Meet Pamela Webster: Pet Travel Thursday

When Edie Jarolim had to resign from doing Pet Travel Thursdays here at A Traveler’s Library, she recommended Pamela Webster to pick up the reins.  If you read Pamela’s feature on the movie about Parrots in San Francisco, I’m sure that you will thank Edie for the excellent choice.  I thought the readers of A Traveler’s Library might like to know a little more about Pamela, since she’s had a very interesting life and she agreed to answer a few questions. 

A Traveler’s Library:  I see that you studied for your undergraduate history degree in Europe. In what country? And was that when you started serious traveling in Europe?

Pamela & HoneyPamela Webster:  Ambitious to graduate as quickly as possible and get on with my life… I left school a semester early but was a few credits short.

Fortunately I found a program that gave me six credits to study Renaissance and Reformation history while traveling through Europe. It was less expensive to study a semester in Europe than it was to stay in  a dorm and take classes at my school.  And somehow, a discussion of Savonarola’s view of the Renaissance was more stimulating in the Palazzo della Signoria where he had been burned at the stake than it would have been in a poorly lit lecture hall.

 

 

Firenze

I wrote papers and attended lectures in the Netherlands, Belgium, Germany, Austria, Switzerland, Italy, France, England, and Scotland.

The cost of the class was kept down because we stayed in youth hostels and camped all over Europe. It led me to love cheap travel and camping.  By the way, if you think camping is dreadful, try it in Europe. It just might change your mind. You won’t find many kid-friendly activities but nearly every campground has a pub.

ATL: There are plenty of jokes about the value of degrees in history (ranks right up there with philosophy as a practical major), but how on earth did you get from history major to nonprofit housing counselor?

PW: The instant I knew I loved history I also realized I’d never earn any money. Although professors over the years suggested I apply to law school or pursue an academic career, I feared that taking such a path might put me in risk of someday earning an adult’s income.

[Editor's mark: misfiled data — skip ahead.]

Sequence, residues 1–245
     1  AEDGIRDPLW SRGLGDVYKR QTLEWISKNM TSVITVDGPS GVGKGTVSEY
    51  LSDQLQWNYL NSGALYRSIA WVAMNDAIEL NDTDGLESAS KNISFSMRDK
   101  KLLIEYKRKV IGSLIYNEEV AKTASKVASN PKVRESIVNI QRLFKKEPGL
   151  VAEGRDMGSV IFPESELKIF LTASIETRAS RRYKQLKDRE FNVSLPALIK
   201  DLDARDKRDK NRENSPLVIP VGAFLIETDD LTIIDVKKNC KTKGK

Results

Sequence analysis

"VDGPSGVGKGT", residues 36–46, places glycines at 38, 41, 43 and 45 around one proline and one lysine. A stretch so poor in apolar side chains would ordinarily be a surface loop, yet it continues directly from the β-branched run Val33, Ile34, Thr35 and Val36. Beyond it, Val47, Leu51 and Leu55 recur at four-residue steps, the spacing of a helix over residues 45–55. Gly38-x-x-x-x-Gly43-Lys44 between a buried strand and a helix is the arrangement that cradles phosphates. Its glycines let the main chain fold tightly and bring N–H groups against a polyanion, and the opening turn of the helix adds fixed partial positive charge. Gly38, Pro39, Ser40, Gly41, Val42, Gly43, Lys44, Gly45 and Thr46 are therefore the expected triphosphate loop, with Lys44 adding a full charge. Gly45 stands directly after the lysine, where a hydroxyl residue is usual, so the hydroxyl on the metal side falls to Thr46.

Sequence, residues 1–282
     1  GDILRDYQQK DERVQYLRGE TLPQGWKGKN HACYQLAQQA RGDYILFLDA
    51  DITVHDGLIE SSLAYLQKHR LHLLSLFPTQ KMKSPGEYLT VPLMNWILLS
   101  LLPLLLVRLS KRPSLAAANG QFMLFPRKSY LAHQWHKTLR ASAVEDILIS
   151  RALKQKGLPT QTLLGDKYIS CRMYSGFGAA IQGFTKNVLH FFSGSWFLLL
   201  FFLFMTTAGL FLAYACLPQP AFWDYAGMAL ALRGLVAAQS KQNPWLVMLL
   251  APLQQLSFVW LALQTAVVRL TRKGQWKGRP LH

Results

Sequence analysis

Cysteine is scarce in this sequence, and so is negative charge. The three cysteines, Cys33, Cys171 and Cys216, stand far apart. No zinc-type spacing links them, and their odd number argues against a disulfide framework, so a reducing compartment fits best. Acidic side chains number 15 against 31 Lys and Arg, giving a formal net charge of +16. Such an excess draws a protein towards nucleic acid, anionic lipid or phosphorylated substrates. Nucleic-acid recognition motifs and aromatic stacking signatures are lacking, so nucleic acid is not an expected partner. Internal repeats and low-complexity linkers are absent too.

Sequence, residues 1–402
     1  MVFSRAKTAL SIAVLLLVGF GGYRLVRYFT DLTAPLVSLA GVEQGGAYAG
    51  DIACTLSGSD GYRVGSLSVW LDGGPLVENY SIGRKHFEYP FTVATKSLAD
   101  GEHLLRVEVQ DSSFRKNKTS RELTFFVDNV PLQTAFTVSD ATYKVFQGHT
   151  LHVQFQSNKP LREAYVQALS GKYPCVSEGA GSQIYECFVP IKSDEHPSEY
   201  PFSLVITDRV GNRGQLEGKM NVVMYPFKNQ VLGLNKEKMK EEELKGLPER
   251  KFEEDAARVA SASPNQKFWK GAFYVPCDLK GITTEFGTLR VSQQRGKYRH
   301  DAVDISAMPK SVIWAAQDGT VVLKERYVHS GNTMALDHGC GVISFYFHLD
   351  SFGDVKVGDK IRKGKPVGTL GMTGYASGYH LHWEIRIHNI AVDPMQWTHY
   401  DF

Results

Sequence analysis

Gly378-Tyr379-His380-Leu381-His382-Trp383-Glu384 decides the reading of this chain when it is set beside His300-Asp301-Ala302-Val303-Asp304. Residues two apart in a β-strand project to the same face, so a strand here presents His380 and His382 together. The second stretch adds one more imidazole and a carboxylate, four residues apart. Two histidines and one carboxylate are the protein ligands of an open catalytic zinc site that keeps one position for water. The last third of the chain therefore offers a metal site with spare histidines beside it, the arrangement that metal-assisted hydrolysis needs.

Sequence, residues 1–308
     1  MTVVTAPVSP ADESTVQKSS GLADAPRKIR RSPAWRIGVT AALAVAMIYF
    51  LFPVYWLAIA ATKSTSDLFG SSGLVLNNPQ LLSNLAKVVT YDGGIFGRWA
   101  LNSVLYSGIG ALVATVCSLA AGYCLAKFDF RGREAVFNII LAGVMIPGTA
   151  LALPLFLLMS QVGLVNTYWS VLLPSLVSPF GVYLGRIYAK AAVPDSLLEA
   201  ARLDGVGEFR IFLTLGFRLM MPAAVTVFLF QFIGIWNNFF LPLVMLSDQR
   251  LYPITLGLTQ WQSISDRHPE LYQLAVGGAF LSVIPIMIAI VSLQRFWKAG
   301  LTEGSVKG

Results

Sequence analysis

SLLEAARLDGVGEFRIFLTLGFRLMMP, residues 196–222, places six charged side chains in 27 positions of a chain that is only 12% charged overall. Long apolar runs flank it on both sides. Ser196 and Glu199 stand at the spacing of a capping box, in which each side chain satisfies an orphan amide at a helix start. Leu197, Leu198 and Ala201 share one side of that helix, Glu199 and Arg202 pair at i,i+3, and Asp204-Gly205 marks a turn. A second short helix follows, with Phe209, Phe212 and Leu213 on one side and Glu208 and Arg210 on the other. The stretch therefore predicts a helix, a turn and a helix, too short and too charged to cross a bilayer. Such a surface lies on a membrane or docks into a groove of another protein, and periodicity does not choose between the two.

So instead, I worked at the nonprofit Presbyterian Historical Society and eventually became managing editor of the Journal of Presbyterian History. I also did a short stint at the Historical Society of Pennsylvania (another nonprofit) coordinating their rights and reproductions.

The great thing about working in historical archives is that they have very strict security and you can’t work late hours. That left me plenty of time to volunteer in the struggling Southwest Philadelphia neighborhood where my husband and I had bought a duplex.

I joined the neighborhood association to help address the vacant buildings, slum landlords, and drug sales that were threatening the neighborhood. After a drug-related shooting involving the other side of my duplex, we bought the attached house at a tax-foreclosure sale and developed a complex equity sharing agreement with a local artist to make the neglected house a home.

A few years later when I moved to Ithaca, I was attracted to the local nonprofit that had helped to transform Ithaca’s housing stock over its 30 year history. Ithaca Neighborhood Housing Services hired me to be their housing counselor based on my volunteer experience in Philadelphia and provided lots of training to turn me into a professional.

ATL: You are a naturally excellent writer. Where did writing come into your life?

PW: Thank you, Vera.

I’ve enjoyed journal writing since I was a child. I have dozens of notebooks I’ve filled over the years.

Attending a fundamentalist school run by my childhood church for a couple of years put me out of sync with the mainstream school curriculum when I returned to public school. As a result, I have huge gaps in my knowledge of grammar and syntax. I mostly write by ear.

Fortunately, my husband is a good writer and even better editor and he helps me through the rough spots when I become tone deaf.

I briefly ran journal writing workshops to encourage others to learn confidence and to feel relaxed while writing. Being an example for others grew my own confidence and the rest is just practice. I write nearly every day for at least one of my two blogs: Something Wagging This Way Comes or Hands on Home Buyer.